News from Patrick Flynn

Highway to highway

While I’m a big fan of mass and non-motorized transit, and well known for my skepticism of the Knik Arm Bridge project, there is a road project for which I have high hopes – the Seward Highway to Glenn Highway Connection, better known as the highway to highway project.

In a nutshell, this project is aimed at providing a stoplight-free route through Anchorage and the public scoping process begins next week with meetings at the Mountain View Community Center on Tuesday, July 29, and at Fairview Elementary School on Thursday, July 31. Both events run from 5 – 8 pm with presentations at 6 & 7 pm and, if you are interested, I strongly encourage your attendance.

To describe the project in more detail, the concept is to find a route that connects Anchorage’s two major freeways, the Glenn & Seward highways, through town. Parts of the conceptual route are essentially determined but others are open to discussion. One possibility would sink the highway below grade through Fairview with surface streets (e.g. 9th Avenue) running over the top, a concept sometimes referred to as “cut and cover.” One example with which you may be familiar is Interstate 5 in downtown Seattle. Such a design would fundamentally change Fairview, for the better I think, by once again allowing pedestrians and bicyclists to move from one side of the neighborhood to the other without crossing the busy Gambell-Ingra couplet.

Presuming the project is completed there also exists the possibility of connecting to the Port of Anchorage. As someone who works in the transportation business this is particularly interesting to me because it would reduce the “last-mile” cost of getting products to market, thus saving railbelt consumers money.

Whatever your feelings on this project I encourage you to visit the H2H web site and/or attend the scoping meetings to let your ideas be heard!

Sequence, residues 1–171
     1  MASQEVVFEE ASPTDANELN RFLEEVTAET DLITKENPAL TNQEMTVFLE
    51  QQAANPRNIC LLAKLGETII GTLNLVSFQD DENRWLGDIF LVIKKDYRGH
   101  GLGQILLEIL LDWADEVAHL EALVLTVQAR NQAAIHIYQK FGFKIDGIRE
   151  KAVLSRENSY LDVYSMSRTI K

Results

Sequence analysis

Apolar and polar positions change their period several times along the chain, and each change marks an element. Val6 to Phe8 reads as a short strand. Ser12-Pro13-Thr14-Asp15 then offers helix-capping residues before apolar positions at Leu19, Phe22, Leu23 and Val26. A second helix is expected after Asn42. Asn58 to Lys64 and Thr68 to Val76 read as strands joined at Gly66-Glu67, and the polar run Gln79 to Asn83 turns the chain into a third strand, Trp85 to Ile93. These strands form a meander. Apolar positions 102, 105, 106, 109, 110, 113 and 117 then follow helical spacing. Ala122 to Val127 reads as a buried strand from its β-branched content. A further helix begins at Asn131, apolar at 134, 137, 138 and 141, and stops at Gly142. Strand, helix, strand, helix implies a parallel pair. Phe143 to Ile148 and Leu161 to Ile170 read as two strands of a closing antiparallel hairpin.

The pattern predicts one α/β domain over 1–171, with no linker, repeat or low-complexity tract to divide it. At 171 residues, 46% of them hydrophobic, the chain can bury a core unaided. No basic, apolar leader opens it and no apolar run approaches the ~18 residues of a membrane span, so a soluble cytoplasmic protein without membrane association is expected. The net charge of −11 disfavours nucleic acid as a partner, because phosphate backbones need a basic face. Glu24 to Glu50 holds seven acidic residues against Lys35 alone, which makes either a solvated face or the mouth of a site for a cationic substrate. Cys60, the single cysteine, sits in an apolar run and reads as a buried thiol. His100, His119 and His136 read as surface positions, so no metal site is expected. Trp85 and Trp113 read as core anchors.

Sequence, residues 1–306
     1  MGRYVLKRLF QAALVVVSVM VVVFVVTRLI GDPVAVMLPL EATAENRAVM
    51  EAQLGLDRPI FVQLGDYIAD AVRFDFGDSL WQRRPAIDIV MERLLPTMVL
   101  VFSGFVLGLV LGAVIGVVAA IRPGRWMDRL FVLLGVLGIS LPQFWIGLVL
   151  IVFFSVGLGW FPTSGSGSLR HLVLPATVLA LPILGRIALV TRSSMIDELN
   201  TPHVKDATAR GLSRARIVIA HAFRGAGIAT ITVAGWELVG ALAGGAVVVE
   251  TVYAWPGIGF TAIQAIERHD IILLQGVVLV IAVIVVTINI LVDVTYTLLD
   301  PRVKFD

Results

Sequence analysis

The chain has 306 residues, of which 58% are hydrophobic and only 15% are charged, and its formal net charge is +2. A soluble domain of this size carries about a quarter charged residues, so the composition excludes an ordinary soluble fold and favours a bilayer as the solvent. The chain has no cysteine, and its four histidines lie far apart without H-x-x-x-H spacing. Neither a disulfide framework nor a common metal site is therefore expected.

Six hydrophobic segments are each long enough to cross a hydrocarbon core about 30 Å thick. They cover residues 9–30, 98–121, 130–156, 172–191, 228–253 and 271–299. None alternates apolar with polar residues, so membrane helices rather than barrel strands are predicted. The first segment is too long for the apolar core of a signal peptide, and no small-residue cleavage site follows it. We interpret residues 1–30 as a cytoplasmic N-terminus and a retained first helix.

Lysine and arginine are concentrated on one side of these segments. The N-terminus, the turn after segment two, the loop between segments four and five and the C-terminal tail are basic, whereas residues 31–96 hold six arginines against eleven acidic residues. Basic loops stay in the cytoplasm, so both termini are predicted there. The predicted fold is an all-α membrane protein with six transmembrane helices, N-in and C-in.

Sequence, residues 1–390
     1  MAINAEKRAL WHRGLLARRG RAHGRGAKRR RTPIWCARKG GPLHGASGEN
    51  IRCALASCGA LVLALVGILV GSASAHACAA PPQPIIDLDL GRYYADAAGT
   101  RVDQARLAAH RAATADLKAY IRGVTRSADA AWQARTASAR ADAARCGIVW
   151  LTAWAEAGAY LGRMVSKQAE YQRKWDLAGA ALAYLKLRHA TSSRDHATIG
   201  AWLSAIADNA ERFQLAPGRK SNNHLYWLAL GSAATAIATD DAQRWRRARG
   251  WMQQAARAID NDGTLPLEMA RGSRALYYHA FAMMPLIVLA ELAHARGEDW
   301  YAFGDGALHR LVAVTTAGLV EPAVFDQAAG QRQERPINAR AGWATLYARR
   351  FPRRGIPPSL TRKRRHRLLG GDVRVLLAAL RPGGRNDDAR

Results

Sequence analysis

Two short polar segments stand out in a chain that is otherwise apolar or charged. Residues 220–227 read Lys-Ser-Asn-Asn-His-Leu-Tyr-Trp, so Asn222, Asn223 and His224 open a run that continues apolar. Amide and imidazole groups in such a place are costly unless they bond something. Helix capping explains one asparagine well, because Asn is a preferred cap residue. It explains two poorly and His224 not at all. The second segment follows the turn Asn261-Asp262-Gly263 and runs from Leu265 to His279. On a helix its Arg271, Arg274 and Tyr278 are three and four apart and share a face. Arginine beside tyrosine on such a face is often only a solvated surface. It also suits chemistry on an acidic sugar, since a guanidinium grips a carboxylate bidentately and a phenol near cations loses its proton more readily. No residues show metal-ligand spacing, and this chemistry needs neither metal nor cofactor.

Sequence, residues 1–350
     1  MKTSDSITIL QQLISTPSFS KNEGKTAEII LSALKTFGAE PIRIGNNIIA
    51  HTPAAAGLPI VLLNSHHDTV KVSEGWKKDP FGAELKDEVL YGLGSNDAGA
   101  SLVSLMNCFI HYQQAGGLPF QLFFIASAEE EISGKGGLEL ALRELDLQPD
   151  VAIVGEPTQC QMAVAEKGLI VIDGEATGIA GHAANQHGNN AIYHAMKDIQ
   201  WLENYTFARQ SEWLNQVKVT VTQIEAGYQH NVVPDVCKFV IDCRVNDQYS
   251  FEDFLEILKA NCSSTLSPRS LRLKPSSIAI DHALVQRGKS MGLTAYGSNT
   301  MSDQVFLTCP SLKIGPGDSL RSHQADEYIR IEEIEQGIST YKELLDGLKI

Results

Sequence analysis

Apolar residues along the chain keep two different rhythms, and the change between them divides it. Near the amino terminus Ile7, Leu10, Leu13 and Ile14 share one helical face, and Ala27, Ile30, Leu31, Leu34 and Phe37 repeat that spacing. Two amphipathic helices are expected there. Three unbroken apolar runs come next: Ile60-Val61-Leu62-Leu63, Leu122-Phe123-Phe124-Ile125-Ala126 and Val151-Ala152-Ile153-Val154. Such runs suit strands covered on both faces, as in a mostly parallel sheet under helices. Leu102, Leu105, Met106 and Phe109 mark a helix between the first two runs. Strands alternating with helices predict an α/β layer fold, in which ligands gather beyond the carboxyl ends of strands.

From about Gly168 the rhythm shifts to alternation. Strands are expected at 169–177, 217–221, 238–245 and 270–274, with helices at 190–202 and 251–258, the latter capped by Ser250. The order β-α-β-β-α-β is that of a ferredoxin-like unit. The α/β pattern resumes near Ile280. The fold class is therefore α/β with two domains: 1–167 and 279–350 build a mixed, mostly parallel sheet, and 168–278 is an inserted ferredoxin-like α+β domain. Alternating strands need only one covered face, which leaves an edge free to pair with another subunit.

This contribution was made on Saturday, 26. July 2008 at 16:09 and was published under the category Transportation. You can follow comments on this entry through the RSS-Feed.

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  1. funny, i had the opposite reaction about the possible changes to fairview and other places the connection may pass through.
    i’m not sure the seattle I-5 comparison is so relevant. that situation is different. I-5 went in as an elevated freeway in the mid-1960s, and the creation of freeway park and its integration into the convention center — by throwing the city fabric back over the top of I-5 — was an ingenious solution. we could learn a lot from studying it, but basically they were making lemonade — i don’t think anyone would have suggested building something like it in the first place.
    the danger is that H2H will end up looking more like highway 99, NB as it leaves the elevated ramp of the alaskan way viaduct and then disappears into a tunnel. it’s created a noise chamber and it’s not friendly either inside or above.
    so i remain skeptical, i guess. is this really a good use of $600 million?

    Comment: clark – 01. August 2008 @ 10:33 am

  2. Clark,

    Given DOT’s history of “de-scoping” projects to keep them on budget your concerns are valid. As you have previously noted, the Glenn-Bragaw interchange, which represents the unofficial beginning of H2H, appears to be turning out quite well. Just as I hope this project can do for Fairview, the Bragaw project will provide renewed non-motorized connectivity for the Mountain View and Russian Jack neighborhoods.

    Our challenge on H2H is to get a proper route and design, then stay engaged to ensure it is built correctly. I credit the Fairview Community Council for an agressive start on the first part and we are all responsible for the next steps.

    Thanks for commenting!


    Comment: Patrick – 03. August 2008 @ 7:48 am

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